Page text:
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Matches, 'Magic 13,' male cedula tax

HAVE you ever wondered why the deadline for the filing of internal revenue taxes with the Bureau of Internal Revenue is on April 15? Let me take you back through the history of filing of taxes and other exciting items from our internal revenue code in the Philippines.

The year was 1904. The history of the internal revenue code in the Philippines could be traced to Act 1189, or the "The Internal Revenue Code of 1904," enacted by the Philippine Commission. The Commissioner of Internal Revenue was not called a commissioner before but a Collector of Internal Revenue. Taxes were collected only on the following 13 sources of revenue or "Magic 13" as I would like to put it: license tax; distilled spirits; fermented liquors; manufactured tobacco and snuff; cigars and cigarettes; matches; banks and bankers; stamp taxes; poll or cedula tax; insurance companies; forestry products; valid perfected mining; and business, manufacture and occupation.

Interestingly, the Collector of Internal Revenue specifically collects taxes on matches which were manufactured or partially manufactured in the country. In the case of banks, did you know that they used to file the monthly amount of circulation, every July 15 for the first semester and January 15 on the second semester. In case of cedula or poll tax, it was required to be paid by only male inhabitants of the country. As for insurance companies, they were liable to pay the tax on or before the first day of April in each year.

Ten years later, Act 2339 was enacted in 1914 repealing provisions of earlier Act 1189. Taxes on signs, signboards and billboards, and income tax collected in the Philippines under the laws enacted by the Congress of the United States were collected during this time. Surprisingly, cedula tax was still collected only from male inhabitants with exceptions on the following persons: paupers, insane persons, and imbeciles and members of non-Christian tribes belonging in the then "Department of Mindanao and Sulu."

It was during this time that tax on opium was being collected by the government. Privilege tax on business or occupation was still part of the list of national taxes though under the current statutes it is now under the coverage of local government units. Taxes were also collected for forest products, and testing and sealing weights, and measures.

In 1939, Commonwealth Act (CA) 466 was enacted to revise, amend and codify the internal revenue code of the Philippines. From the Magic 9, the sources of internal revenue taxes were then lowered to seven. This was the first time that income tax, estate, inheritance and gift taxes were introduced as part of our internal revenue code. The tax rates for resident citizens consisted of at least 31 tax rates, the highest rate being 45 percent for net income over P2 million. For corporations, the first income tax rate was around 8 percent.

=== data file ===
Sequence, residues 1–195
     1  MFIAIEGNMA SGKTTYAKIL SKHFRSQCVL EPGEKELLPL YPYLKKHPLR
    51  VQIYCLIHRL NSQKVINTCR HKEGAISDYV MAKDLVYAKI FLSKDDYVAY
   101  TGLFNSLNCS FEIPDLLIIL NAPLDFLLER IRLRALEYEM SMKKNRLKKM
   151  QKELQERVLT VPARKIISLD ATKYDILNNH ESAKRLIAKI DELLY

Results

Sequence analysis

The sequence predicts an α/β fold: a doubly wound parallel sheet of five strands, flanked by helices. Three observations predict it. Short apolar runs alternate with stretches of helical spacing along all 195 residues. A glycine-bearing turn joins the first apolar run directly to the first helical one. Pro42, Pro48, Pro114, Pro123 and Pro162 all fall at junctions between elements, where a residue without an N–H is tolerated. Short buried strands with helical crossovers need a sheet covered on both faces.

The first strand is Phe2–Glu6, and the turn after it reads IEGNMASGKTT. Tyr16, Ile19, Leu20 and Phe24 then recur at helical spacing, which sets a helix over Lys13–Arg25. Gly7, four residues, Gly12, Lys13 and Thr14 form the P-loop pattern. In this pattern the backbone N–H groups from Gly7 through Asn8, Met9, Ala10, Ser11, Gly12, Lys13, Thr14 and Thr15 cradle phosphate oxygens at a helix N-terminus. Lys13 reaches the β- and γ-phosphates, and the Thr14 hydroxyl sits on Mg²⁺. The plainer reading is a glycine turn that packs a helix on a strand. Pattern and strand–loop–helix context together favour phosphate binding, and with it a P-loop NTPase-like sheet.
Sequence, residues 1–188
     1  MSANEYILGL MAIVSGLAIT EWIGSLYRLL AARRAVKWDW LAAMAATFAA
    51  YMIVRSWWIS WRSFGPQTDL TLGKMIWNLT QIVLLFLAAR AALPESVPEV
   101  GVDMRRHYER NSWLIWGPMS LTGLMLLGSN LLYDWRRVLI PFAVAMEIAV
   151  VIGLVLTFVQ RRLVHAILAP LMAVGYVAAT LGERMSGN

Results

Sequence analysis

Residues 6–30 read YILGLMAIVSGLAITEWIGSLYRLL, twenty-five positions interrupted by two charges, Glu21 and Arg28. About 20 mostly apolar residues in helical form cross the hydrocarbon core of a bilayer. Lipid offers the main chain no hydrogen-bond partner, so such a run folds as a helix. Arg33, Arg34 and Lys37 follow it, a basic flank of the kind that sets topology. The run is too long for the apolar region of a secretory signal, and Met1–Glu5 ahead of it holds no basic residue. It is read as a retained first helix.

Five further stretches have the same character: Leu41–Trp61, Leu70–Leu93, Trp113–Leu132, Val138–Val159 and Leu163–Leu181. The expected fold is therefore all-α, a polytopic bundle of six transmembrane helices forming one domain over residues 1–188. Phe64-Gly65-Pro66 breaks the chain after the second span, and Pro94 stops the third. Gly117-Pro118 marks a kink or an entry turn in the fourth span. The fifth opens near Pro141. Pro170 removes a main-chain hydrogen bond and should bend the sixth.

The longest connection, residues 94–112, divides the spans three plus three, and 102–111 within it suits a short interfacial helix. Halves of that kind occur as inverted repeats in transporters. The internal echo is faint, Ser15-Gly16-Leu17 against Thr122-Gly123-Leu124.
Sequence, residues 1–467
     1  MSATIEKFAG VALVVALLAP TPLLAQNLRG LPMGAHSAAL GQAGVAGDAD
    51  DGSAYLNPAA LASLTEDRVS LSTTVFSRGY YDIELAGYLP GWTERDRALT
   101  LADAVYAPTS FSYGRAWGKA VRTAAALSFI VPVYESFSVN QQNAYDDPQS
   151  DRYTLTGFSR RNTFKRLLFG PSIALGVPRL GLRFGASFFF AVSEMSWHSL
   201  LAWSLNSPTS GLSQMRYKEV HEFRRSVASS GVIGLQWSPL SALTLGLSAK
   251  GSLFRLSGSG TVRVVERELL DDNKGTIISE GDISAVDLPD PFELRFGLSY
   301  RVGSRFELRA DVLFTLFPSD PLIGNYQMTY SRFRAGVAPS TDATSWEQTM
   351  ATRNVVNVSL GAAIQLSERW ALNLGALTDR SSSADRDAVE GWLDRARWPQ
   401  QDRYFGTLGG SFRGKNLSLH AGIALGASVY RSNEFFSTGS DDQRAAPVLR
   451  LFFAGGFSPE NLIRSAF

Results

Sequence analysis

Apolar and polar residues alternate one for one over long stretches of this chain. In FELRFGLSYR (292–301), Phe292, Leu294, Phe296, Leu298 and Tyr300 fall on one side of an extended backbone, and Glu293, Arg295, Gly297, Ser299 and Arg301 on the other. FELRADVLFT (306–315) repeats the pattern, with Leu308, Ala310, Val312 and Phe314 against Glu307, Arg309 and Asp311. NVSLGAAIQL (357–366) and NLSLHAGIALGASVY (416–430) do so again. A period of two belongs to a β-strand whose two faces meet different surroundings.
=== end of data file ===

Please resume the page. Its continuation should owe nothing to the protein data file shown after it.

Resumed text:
The deadline set for individual and corporate taxpayers was first codified under this act which was March 1 following the close of the taxable year (except for corporate taxpayers with fiscal year-end — 60 days after the close of the taxable year). It was at this time that a "firearms tax" was being collected. As defined by the CA 466 firearms includes rifles, muskets, carbines, shotguns, revolvers, pistols and all other deadly weapons from which a bullet, ball, shot, shell or other missile may be discharged by means of gunpowder or other explosives. The same is true for the water rentals tax which was collected for small developments.

Other interesting taxes collected during this time included tax on playing cards in which the government collects 35 centavos for every pack containing not more than 48 cards. Even mechanical lighters were part of the articles from which taxes were collected. The same is true for skimmed milk and firecrackers. Several amendments on tax on specific items happened from 1939 until the late 1950s.

During the time of President Ferdinand Marcos Sr., Presidential Decree 69 was enacted to amend certain sections of the national internal revenue code. From 31 rows, the income tax table for individual taxpayers was increased to 37 with a rate as high as 70 percent for income more than P500,000. A dollar tax table was also introduced by the law that provides for 3-percent income tax for income over $20,000. For corporate taxpayers, however, there were two types of tax rates. Twenty-five percent for income not over P100,000 and 35 percent for income exceeding P100,000.

One interesting deduction provided by the law was the standard deduction for the working wife for husband-and-wife taxpayers which is equal to 10 percent of the gross income received by the wife but not to exceed P500.

It was during this era that the filing of returns both for individuals and corporate taxpayers were moved from the previous deadline of March 1 to April 15. Taxes on sales of refrigerators, air-conditioners, beverage coolers, ice cream cabinets, and others, were also introduced during this time. In 2005, April was declared as the Tax Awareness Month by virtue of Proclamation 812, Series of 2005.

Now going back to the question of why April 15 is the deadline for filing the income tax returns, April 15 has been the traditional tax filing deadline in the United States for several decades. This date was established to allow taxpayers sufficient time to gather their financial information and complete their tax returns after the end of the tax year, which is typically December 31.


Ernie Lat 2nd is a certified public accountant and an accounting manager at Yu Villar Tadeja & Co.-Mazars in the Philippines. The views and opinions in this article are those of the author and do not represent those of these institutions.

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